The weasel-bastard actually smiled at her. Behind him, in the window offering a perfect view of Central Park, snow fell in fits and spurts. A dull ringing started in Megan’s ears. Stark white walls and green carpet squeezed in on her. The room felt so small she didn’t think she could breathe. Her hands clenched into fists in her lap. “I’m the fastest typist you have. I’ve only worked here six months, but I revised all of your entry forms to make them faster.” Then, as if it made any difference, “It’s a week before Christmas. How can you fire me a week before Christmas?”
“Holidays are just another number on the calendar to big business people.” Jackson’s condescending smile never faded. “And you’re not fired. It’s a layoff. Most of the typing pool will be let go by week’s end. DII is shifting to digital dictation and voice recognition. Don’t worry, though. You’ll get unemployment.”
In two weeks. Maybe.
There was no way she’d make rent, never mind the bills. Megan bit her lip to keep from screaming at Jackson about how unfair this was, or slapping him, or worse—crying. She wouldn’t cry, damn it.
Jackson reached to the far side of his desk and picked up an empty box. He handed it to Megan. “I’ll take your entry card now. Pack your desk, and when you’re finished, call security to walk you out.”
Megan stuffed her hand in her slacks pocket and snatched the DII entry card. She tossed it on the desk, grabbed the box, and got to her feet almost as fast as Jackson did. “Security? Seriously? You don’t have anything I’d want to steal.”
Jackson’s weasel-bastard smile turned smug. “Standard procedure, Ms. Faircloth. Nothing personal.”
Ms. Faircloth. Yeah. It was
when you thought you had a chance to get in my pants.
Jackson stepped around her and opened the door, standing between her and the typists’ room where he thought she’d have to brush past him to get to her desk.
Angry heat flared across the back of Megan’s neck. It wasn’t easy, but she used the box as a shield and managed to get out of Jackson’s office without touching him.
It wasn’t much of a win, but at this point, she would take what she could get.
* * * * *
A comb, a photo of the grandmother who raised her, a tube of lipstick, three copies of her skimpy résumé she’d printed while nobody was looking, four pens, two pencils, and a box of wheat crackers. That’s all she had to show for her time at DII.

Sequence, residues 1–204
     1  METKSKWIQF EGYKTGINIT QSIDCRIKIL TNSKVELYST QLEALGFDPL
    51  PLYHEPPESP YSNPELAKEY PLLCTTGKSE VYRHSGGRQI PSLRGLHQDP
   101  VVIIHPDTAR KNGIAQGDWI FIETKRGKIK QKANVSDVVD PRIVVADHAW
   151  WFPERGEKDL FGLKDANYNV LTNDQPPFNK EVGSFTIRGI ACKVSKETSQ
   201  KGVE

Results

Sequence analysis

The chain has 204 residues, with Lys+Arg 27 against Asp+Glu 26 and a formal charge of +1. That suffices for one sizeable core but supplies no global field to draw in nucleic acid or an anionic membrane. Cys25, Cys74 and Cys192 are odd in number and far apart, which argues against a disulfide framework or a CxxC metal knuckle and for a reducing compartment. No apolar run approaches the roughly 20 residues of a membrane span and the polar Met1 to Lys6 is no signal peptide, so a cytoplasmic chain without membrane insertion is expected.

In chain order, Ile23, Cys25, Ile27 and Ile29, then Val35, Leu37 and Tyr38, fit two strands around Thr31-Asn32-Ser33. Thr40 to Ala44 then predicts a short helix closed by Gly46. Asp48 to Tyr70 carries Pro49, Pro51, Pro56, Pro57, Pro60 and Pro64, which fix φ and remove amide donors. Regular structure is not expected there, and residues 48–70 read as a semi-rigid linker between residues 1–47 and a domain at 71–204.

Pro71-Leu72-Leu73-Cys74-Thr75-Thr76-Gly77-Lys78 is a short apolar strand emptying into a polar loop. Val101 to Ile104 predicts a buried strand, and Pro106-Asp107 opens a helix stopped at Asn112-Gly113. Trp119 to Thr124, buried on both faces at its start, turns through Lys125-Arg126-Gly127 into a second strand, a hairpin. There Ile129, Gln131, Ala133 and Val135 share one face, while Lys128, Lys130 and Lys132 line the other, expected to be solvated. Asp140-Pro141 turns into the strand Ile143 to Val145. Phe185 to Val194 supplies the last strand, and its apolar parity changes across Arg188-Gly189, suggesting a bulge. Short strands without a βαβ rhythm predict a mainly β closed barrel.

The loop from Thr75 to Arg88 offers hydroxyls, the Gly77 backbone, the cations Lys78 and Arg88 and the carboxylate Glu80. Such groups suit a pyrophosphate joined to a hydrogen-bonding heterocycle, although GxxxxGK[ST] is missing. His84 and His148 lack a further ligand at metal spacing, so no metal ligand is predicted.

Megan fumed as she rode the elevator less than half an hour later—
security. Screw standard procedure. She didn’t work at this stupid place anymore, did she?
The elevator wasn’t moving fast enough. She wanted out of DII and as far away from Jackson as she could get. There wasn’t enough time left in the workday to start looking for a job. When she got home she’d embellish her resume and first thing tomorrow would snag some coffee, then hit the pavement. First the Unemployment Office, then out looking for a job. Temp agencies, fast food, anything with a
sign. She wasn’t picky.
The elevator dinged as it made it to the first floor, and Megan hurried out so fast she tripped when her heel hung on the threshold. Her box tumbled out of her grip, and everything inside it went flying to the right, away from the main entrance.
Pencils skittered. The box of crackers tumbled out and résumé pages scattered in every direction. Her grandmother’s picture lurched out of the cardboard and struck the tile floor with a shattering crunch.
Megan swore and jerked her heel free. She glanced toward the entrance, but the main hall was empty, and the security guard at the desk didn’t so much as look up. Well, at least she wouldn’t be humiliated by being seen on her knees gathering her things.
She got down on her knees and righted the box, then grabbed papers and her lipstick, and stuffed them back inside. When she picked up her grandmother’s picture, she saw that the glass was shattered.
Megan pulled the picture closer, squinting at it to be sure it wasn’t damaged.
Scratches across two of the corners. Her chest seized, and tears pricked at the backs of her eyes.
“No big deal,” she told herself out loud. “I can take it to a photo center and get reprints.”
But the original—after the fire, it was all she had.